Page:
Ignacio Ibarra, Arizona Daily Star, Jun. 8
Lifesaving water stations like those that dot the Arizona desert, providing relief to weary illegal border crossers, are being installed south of the border, along a stretch of Sonoran land between Naco and Agua Prieta.
Humane Borders, the Tucson-based private organization that places the blue barrels filled with water and marked by flags atop 20-foot poles along desert paths favored by illegal entrants, plans to have as many as a dozen new stations south of the border in projects involving partners from the United States and Mexico.
Further, two more of the humanitarian organization’s water stations have been placed on Bureau of Land Management land less than 30 yards from the border along the same stretch of land where 29 illegal entrants died last year.
Robin Hoover, president of Humane Borders, has obtained permits to place two more stations on BLM sites along the San Pedro River but has been unable to obtain permission to cross the land owned by a Tombstone-area mining company to install them.
Bertha Alicia de la Rosa Carrizales, coordinator for Grupo Beta, said her agency helped identify the areas where the water stations could do the most good. The agency is charged by the Mexican government with protecting migrants.
She said Grupo Beta agents are helping to maintain the three water stations that have been set up along the railroad tracks several hundred yards south of the border. She’s been asked to supply possible sites for up to a dozen locales that could stretch from Agua Prieta to Cananea.
“We looked for areas with the highest flow of people,” de la Rosa said.
“Obviously the driest, hottest areas with the longest walks are in the Altar desert at Sasabe, but the potential for problems here is very high.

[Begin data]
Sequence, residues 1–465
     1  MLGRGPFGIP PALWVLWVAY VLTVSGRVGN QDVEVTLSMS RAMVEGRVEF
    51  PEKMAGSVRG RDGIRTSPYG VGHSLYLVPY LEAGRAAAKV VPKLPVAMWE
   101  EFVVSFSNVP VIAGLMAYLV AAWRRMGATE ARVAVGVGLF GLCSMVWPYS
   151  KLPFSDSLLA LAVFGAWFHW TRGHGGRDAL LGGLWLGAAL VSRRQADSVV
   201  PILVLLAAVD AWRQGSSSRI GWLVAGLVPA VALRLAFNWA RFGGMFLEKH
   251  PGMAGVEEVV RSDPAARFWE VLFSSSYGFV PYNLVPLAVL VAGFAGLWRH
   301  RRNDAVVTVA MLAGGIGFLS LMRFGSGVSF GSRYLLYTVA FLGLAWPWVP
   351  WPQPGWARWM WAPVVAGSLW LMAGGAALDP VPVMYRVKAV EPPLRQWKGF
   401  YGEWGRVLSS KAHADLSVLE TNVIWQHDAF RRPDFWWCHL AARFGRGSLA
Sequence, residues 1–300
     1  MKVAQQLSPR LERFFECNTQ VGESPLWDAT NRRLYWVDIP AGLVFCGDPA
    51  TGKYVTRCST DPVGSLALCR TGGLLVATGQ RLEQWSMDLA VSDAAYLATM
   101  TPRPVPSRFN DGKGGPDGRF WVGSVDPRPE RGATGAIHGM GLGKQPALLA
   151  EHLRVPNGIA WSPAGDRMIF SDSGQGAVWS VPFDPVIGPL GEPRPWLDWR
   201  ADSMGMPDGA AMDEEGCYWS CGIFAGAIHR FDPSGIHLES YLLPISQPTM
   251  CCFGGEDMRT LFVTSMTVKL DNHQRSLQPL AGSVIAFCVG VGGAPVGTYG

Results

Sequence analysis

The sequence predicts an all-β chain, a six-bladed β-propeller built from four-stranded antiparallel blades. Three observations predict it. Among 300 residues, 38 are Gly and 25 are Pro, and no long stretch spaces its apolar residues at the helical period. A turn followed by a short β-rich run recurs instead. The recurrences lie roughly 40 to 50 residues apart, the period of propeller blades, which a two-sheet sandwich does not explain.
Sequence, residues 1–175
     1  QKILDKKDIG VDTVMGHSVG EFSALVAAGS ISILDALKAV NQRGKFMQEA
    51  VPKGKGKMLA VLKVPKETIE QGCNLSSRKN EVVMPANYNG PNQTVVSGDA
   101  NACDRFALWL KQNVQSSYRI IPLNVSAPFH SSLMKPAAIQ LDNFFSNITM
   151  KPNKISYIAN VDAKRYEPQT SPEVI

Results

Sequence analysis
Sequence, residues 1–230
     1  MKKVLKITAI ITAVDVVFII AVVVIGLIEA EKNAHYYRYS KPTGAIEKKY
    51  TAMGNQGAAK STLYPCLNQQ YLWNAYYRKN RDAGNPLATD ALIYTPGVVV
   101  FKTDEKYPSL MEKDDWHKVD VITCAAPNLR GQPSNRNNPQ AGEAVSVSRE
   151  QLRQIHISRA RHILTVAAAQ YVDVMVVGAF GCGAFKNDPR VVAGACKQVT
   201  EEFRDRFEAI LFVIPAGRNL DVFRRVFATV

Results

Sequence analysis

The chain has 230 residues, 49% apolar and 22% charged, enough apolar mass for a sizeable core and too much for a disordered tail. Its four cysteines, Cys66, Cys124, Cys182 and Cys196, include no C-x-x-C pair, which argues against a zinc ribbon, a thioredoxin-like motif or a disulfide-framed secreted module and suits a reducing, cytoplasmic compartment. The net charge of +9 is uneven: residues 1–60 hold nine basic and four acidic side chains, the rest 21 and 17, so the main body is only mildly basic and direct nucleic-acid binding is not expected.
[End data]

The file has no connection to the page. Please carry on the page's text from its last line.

“There are places where the walk is very long, through high mountain deserts that can be very difficult to cross.”
Miguel Escobar Valdez, Mexico’s consul in Douglas, said he was not aware of Grupo Beta’s involvement in establishing the new water stations but agreed they are needed.
If the Border Patrol is successful in discouraging illegal border crossing in the desert west of Nogales, “They’re going to be moving to the areas where they feel there are fewer problems,” he said.
He said having water stations in the area makes sense because a hallmark of the exposure deaths in the Cochise County corridor last year was that they occurred less than three miles from the border, indicating many of the illegal entrants were “already in very bad shape by the time they reached the border.”
Humane Borders donated equipment to Healing Our Borders, an immigrant rights group based in Douglas that has already set up three water stations with the help of a Presbyterian church in Agua Prieta and Grupo Beta.
Mark Adams, a member of Healing Our Borders who heads the Fronteras De Cristo, a Presbyterian Church ministry in Agua Prieta, said members were trying to avoid publicity about the water stations in Mexico and declined to comment.
Water stations on federal land on the U.S. side of the border have the tanks refilled daily by volunteers under an agreement that includes several stipulations, including restrictions on what Humane Borders can say publicly about the stations and their location.
“I have a moral obligation to provide water to these people,” Hoover said. “If they (BLM) doesn’t like what I say, they can yank the permit.”
“What I can say is they are being used, and that I’m anticipating we’re going to see a whole bunch more migrants coming through Cochise County this year.”
He said the first water station on federal BLM land went up a little more than a month ago. It was dispensing more than 50 gallons of water a day within the first week, said Hoover, who did not know how much water was being dispensed from stations placed in Mexico.
Glenn Spencer, founder of Sierra Vista’s American Border Patrol, said that deaths along the Arizona-Sonora border continue to rise despite the efforts of groups like Humane Borders. The group uses equipment including video cameras, computers and a portable satellite uplink to monitor illegal entrants, reporting the groups to the U.S. Border Patrol.
The additional water stations will have little effect on the amount of illegal immigration in the area nor in the number of border crosser deaths that will be recorded this summer, he said.
Spencer said the placement of water stations is the clearest evidence yet that Humane Borders and other American humanitarian organizations are aiding and abetting Mexico in its effort to invade the border.
“They are sending their people north as a means of occupying and eventually placing their jurisdiction over large portions of the United States,” Spencer said. “That means these people are traitors.”